The virus is almost always fatal. An outbreak of highly-contagious H5N1 bird flu with impacts is spreading from farm to table as it moves east to west.
The U.S. Department of Agriculture says the bird flu has turned up in commercial and backyard flocks in 29 states, affecting more than 33 million birds.
In Colorado alone, state veterinarian Dr. Maggie Baldwin says 60,000 chickens have been euthanized.
"2022 is probably one of the worst outbreaks we've seen," she said. "And if we don't go in and humanely euthanize the birds, they suffer from the disease. And it's pretty devastating both for us as, of course, veterinarians and the officials that respond — but really challenging for producers and the bird owners themselves."
The virus is spreading thanks mostly to migrating wild birds — waterfowl like ducks and geese. It's also affecting raptors like bald eagles.
"It's challenging. Because the wild birds don't listen to our quarantine orders and they don't pay attention to our boundaries that we tried to put in place," Baldwin continued.
At poultry farms around the country, the watchword is "biosecurity": locking down, cleaning everything with bleach and shooing wild birds away.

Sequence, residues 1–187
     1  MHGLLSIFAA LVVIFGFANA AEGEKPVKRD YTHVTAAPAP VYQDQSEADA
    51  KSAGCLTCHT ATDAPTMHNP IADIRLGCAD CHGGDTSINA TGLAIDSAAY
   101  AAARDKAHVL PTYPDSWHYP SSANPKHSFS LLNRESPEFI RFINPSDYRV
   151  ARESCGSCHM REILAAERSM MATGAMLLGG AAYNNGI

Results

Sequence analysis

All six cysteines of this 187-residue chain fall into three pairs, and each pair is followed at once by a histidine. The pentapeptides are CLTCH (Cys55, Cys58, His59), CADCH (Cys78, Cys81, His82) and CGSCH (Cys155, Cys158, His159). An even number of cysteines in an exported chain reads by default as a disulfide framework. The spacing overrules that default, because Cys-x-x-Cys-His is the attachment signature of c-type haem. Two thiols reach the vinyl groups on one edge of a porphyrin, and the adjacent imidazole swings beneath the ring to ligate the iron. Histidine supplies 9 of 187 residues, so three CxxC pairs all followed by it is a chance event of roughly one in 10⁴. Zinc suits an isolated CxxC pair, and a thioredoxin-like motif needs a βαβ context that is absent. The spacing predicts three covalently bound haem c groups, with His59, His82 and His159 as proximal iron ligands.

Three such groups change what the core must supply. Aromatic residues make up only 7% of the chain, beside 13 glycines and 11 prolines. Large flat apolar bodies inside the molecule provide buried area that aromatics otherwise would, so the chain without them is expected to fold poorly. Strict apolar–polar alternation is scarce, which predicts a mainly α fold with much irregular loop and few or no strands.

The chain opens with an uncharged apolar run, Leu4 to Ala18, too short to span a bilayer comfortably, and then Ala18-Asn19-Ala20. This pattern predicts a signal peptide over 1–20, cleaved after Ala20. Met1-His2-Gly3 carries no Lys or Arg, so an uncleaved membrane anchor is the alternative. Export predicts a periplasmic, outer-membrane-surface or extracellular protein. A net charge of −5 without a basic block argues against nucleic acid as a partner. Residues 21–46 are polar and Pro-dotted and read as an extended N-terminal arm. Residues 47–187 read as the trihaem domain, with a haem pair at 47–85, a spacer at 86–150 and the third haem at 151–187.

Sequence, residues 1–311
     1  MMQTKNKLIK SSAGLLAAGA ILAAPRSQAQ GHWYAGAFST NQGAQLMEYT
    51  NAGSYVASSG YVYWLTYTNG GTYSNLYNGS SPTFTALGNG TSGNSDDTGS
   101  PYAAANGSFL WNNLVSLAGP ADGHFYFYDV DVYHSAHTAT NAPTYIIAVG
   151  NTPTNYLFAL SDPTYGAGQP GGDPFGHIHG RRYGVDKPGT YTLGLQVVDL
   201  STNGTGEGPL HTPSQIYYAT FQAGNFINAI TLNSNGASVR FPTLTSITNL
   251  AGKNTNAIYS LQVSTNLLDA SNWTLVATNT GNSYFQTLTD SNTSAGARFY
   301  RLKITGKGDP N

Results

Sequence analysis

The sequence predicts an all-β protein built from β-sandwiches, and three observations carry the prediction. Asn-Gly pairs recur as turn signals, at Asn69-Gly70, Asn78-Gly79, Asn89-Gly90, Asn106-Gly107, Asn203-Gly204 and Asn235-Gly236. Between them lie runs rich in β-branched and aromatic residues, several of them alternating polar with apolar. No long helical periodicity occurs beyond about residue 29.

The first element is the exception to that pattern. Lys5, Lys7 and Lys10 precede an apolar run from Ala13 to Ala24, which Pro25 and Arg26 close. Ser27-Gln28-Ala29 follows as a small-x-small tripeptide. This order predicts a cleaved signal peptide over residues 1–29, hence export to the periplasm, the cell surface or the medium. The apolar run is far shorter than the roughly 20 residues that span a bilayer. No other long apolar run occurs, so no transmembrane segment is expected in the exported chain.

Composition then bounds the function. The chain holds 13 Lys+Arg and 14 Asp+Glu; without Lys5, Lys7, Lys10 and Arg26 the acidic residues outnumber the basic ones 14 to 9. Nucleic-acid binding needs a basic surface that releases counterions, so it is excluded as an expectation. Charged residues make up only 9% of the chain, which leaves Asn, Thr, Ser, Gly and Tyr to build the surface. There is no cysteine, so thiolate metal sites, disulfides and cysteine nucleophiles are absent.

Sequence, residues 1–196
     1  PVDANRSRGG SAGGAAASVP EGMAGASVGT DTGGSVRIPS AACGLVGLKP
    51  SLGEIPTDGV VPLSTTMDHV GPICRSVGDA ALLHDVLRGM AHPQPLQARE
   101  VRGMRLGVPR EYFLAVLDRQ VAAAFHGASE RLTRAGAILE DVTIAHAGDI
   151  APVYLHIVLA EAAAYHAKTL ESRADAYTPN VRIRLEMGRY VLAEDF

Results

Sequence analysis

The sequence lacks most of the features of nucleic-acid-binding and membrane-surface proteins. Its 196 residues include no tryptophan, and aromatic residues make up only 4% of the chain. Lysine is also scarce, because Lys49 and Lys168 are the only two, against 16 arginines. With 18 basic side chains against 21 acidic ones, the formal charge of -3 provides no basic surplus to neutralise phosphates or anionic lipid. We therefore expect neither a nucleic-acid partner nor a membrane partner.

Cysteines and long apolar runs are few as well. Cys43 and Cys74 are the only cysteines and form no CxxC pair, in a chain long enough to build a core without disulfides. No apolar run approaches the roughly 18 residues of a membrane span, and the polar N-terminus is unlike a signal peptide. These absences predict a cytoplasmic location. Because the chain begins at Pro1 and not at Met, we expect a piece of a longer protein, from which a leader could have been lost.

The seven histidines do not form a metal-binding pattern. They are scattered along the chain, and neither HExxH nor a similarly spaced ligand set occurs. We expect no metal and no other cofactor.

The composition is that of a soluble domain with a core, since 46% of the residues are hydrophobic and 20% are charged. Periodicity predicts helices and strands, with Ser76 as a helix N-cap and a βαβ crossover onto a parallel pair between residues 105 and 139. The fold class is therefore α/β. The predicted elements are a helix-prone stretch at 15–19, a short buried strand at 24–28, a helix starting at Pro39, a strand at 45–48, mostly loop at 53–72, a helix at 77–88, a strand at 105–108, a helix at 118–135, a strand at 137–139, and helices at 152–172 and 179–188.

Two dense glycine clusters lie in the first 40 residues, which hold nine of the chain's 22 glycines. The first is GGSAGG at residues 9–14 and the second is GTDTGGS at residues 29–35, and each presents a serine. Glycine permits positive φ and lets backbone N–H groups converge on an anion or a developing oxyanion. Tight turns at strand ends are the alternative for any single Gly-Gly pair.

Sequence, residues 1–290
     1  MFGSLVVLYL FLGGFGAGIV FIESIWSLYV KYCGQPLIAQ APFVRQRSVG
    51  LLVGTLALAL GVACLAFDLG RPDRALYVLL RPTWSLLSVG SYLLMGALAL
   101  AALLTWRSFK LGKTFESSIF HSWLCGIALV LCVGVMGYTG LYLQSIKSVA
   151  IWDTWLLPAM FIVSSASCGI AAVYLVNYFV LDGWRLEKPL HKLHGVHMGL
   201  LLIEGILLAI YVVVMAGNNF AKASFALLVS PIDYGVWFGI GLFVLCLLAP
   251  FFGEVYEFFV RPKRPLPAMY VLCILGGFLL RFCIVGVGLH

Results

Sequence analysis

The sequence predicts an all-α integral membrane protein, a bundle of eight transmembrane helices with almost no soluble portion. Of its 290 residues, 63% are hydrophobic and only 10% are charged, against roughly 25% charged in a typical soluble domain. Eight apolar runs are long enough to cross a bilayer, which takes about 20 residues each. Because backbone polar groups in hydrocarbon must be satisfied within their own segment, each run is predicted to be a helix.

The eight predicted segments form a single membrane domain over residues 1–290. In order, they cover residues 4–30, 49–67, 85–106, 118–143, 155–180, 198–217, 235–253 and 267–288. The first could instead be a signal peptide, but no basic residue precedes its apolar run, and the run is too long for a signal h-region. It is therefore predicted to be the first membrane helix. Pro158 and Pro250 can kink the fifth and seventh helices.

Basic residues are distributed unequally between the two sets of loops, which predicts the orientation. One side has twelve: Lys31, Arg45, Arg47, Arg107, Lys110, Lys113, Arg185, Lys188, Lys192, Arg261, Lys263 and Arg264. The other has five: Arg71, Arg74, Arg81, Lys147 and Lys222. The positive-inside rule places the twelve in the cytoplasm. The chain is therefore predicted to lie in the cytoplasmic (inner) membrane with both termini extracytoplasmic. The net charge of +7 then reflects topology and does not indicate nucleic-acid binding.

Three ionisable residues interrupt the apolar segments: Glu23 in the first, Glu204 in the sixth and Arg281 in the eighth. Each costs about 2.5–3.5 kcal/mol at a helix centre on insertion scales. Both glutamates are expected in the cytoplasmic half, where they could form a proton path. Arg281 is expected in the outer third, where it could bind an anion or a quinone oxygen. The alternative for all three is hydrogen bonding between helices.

"Nothing gets to go outside right now," poultry farmer Nancy Kellner said. "We have a lot of pigeons around here. So if they go in the water puddles and get a drink of water, if they're carrying it on their beak or if they poop in the water, and then if we walk in the puddle it can be brought in."
Experts say the virus does not seem to affect people.
"There's not really a risk to the general public at this point in time and the risk comes in when you know, you are in direct contact with a confirmed infected bird," Baldwin said.
But shoppers are not immune to a jump in egg prices. The wholesale cost of a dozen eggs has tripled in the last few months.
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